'The Canterbury Tales': a retelling for a new generation
"The Canterbury Tales" by Geoffrey Chaucer gets a makeover from British author Peter Ackroyd, who retells the stories in vivid, expressive English for a new generation.
The Washington Post
"The Canterbury Tales"
by Geoffrey Chaucer, a retelling by Peter Ackroyd
Viking, 436 pp., $35
Remember struggling over "The Canterbury Tales" in high school? It was a labor of laughs borne only for the puerile joy of reading about farts and arse-kissing. And there was this weird recognition: Could people really have been so much like us 600 years ago? For the pleasure of it all, you had to put up with English that was nothing like the English you knew. As Chaucer wrote of the Wife of Bath:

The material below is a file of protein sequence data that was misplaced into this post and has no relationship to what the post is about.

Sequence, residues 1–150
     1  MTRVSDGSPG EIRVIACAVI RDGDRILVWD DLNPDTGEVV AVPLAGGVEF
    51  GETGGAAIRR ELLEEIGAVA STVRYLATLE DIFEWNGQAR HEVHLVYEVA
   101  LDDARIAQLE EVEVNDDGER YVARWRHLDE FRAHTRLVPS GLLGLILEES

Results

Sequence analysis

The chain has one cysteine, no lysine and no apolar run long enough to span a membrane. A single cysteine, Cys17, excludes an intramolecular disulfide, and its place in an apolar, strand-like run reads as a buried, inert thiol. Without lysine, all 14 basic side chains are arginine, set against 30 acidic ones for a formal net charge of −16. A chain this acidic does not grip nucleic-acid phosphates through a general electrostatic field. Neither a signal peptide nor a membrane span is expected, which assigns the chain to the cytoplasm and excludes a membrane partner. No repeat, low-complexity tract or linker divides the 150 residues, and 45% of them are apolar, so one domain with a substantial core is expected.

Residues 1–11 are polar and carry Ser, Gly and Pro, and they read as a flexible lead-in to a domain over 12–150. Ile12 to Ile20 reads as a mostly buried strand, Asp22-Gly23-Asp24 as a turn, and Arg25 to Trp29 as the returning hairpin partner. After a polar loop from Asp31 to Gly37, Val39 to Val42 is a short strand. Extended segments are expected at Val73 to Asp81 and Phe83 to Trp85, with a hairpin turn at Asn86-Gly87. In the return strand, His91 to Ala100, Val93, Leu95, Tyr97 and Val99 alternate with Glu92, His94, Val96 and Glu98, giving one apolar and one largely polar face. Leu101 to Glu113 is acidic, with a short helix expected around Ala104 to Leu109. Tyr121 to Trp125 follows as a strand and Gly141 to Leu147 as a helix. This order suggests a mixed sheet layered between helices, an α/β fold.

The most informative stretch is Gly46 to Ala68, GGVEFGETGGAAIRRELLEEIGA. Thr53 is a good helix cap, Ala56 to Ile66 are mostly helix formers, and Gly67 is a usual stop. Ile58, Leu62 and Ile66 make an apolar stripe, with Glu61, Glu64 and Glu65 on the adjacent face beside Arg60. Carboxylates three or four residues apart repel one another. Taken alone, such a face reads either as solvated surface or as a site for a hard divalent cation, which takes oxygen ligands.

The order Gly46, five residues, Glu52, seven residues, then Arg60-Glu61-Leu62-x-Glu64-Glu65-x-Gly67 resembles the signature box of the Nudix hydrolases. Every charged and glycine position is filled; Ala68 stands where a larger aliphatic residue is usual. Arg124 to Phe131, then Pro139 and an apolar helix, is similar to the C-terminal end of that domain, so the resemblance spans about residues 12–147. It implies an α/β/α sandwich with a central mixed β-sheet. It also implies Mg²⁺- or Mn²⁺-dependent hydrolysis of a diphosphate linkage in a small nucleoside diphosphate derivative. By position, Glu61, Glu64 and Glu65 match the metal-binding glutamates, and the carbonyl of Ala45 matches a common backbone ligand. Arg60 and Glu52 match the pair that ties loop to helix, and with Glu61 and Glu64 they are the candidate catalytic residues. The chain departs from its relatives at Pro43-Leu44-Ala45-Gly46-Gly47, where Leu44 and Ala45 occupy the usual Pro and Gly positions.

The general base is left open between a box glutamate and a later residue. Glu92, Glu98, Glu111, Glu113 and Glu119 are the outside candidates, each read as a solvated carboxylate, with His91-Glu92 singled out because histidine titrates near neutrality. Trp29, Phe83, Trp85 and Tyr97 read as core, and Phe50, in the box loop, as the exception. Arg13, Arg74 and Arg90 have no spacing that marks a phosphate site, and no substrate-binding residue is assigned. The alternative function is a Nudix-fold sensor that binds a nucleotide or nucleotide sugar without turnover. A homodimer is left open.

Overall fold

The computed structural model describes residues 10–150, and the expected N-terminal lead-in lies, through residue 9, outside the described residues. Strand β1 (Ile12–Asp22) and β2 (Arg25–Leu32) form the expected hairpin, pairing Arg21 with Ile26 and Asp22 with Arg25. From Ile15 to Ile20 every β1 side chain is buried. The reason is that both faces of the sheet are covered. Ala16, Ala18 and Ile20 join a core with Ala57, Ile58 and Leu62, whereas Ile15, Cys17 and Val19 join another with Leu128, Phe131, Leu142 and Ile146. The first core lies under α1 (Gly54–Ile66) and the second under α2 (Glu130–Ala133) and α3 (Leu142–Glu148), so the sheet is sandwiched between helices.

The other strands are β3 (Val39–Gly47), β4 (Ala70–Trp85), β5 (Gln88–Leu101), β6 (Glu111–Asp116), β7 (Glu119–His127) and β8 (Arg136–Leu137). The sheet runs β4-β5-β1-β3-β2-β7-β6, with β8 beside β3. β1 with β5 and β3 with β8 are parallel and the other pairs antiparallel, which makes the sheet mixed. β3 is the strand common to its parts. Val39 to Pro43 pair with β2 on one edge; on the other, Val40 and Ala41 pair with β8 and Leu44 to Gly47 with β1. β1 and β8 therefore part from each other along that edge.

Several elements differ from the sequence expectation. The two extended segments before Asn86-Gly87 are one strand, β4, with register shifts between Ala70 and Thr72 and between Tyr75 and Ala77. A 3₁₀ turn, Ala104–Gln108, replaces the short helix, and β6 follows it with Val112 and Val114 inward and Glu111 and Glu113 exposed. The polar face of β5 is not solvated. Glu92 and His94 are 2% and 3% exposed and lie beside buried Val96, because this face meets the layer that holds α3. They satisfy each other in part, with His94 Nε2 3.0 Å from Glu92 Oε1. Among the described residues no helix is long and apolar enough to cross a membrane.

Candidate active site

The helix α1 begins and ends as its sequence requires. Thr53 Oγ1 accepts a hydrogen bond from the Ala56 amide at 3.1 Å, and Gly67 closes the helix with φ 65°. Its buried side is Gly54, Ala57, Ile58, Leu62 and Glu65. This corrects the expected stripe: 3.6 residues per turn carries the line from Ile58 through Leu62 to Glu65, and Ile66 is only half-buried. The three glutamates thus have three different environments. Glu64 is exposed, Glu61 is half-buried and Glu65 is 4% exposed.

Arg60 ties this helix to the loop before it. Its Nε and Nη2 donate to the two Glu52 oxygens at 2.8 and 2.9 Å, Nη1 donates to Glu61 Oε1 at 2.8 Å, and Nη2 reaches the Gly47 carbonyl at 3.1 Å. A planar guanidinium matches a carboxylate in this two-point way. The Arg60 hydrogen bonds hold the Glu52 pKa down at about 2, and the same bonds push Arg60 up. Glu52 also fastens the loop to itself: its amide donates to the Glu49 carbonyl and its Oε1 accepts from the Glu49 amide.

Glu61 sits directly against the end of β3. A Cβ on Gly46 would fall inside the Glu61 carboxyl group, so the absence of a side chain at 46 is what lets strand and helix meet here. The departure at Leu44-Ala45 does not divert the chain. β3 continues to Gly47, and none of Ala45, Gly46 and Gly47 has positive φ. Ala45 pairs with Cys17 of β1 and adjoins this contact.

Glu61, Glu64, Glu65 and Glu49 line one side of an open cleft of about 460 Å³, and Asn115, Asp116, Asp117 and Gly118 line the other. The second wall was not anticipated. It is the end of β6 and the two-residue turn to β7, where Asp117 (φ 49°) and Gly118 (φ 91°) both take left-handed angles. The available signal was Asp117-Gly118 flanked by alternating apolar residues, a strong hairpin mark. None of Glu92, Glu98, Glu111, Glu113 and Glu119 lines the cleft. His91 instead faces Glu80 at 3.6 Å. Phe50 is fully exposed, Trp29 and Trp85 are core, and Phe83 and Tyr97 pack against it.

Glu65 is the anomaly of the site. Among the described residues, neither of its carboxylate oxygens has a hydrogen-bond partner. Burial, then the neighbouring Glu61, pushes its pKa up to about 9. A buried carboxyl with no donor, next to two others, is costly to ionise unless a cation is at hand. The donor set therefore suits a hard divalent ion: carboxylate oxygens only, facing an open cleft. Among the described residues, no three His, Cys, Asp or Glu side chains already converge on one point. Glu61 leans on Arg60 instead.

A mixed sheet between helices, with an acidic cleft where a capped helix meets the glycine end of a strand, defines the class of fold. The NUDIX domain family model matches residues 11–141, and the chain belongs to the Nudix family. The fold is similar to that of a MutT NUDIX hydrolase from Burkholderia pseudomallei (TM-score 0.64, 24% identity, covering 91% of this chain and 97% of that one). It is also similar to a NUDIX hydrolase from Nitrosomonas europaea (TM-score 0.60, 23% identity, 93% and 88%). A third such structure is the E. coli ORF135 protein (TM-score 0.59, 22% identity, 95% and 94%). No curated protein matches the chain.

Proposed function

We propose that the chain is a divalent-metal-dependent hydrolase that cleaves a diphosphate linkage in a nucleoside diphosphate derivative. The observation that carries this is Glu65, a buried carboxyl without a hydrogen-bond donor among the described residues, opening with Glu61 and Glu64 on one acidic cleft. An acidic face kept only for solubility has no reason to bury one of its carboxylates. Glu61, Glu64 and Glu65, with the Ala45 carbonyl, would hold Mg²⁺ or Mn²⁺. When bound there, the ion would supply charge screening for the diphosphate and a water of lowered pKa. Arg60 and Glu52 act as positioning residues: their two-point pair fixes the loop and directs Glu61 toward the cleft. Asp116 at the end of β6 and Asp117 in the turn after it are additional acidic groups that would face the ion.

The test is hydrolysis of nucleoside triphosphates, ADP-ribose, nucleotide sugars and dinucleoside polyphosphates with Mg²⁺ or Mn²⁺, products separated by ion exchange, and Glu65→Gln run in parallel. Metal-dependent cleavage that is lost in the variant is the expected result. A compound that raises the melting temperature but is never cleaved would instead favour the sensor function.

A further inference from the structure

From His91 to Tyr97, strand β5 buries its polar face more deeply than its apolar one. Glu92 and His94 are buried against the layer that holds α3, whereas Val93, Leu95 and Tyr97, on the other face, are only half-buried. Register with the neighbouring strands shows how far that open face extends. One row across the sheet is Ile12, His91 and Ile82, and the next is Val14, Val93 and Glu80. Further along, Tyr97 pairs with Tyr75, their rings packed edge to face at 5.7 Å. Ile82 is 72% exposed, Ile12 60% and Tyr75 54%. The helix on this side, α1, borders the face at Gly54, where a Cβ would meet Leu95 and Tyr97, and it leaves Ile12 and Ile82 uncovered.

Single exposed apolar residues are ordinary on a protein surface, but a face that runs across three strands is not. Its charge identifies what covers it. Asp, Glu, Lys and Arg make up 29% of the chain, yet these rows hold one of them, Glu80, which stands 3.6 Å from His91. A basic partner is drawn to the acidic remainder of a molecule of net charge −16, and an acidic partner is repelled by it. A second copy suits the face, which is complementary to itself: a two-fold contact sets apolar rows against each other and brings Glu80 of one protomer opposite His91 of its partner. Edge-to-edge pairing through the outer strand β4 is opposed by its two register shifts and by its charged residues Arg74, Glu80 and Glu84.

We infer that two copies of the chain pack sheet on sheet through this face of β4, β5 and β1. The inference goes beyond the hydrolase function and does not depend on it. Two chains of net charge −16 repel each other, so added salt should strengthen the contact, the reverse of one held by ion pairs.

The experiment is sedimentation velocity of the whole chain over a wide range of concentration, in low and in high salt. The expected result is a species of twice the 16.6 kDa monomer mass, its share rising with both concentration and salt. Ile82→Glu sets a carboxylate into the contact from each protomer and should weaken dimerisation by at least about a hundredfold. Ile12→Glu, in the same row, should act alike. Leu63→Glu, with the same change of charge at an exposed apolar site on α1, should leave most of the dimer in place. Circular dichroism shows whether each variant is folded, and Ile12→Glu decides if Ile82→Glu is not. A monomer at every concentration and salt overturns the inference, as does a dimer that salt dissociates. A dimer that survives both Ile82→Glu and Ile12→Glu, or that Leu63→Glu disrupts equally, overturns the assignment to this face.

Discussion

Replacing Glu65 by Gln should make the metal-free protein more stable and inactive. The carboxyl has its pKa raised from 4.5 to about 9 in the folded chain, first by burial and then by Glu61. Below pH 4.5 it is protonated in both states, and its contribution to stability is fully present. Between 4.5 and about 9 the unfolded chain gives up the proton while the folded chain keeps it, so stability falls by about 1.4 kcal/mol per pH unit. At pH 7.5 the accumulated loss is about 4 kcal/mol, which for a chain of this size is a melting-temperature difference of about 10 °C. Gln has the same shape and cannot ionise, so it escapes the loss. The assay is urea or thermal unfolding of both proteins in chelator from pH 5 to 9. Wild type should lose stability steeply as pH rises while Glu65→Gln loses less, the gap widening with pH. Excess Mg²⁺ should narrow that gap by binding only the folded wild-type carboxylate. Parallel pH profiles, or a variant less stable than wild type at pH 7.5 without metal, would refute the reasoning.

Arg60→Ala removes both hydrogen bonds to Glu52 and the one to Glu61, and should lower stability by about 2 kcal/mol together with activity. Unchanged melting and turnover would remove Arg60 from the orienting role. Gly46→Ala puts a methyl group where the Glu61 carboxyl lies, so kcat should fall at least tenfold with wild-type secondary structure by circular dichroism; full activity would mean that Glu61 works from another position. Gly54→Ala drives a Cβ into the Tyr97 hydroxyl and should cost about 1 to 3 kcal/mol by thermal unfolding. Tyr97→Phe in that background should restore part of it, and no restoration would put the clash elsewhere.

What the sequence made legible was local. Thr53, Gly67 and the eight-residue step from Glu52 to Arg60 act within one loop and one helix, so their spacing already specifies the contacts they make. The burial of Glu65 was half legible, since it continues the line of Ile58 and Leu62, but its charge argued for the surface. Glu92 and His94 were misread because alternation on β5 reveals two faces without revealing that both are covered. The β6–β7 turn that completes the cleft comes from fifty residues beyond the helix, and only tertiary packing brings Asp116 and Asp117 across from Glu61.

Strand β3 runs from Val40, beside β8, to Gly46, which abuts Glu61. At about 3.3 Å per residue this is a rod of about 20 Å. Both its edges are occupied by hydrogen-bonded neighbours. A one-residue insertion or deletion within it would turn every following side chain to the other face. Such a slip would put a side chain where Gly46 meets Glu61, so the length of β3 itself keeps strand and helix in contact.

Housbondes at chirche-dore she hadde fyve,
Withouten other companye in youthe ...
In felawschip wel coude she laughe and carpe.
Of remedyes of love she knew perchaunce,
For she coude of that art the olde daunce.
Now here comes Peter Ackroyd, novelist, biographer and historian, with "The Canterbury Tales" for a new generation — it's Chaucer in vivid, expressive English exactly as you speak it. Here in Ackroydese, the same passage quoted above:
"She had been married in church five times but, in her youth, she had enjoyed any number of liaisons. ... She had performed in that game before. She knew, as they say, the ways of the dance."
Of course, "The Canterbury Tales" is far more than its ribaldry. It gives a rich and complex portrait of the sensibility of the Middle Ages and, in its original, is beautiful poetry. As Ackroyd remarks, "It is one of the greatest poems in all of English literature, one that will last as long as the language itself endures."
Steven Levingston: firstname.lastname@example.org.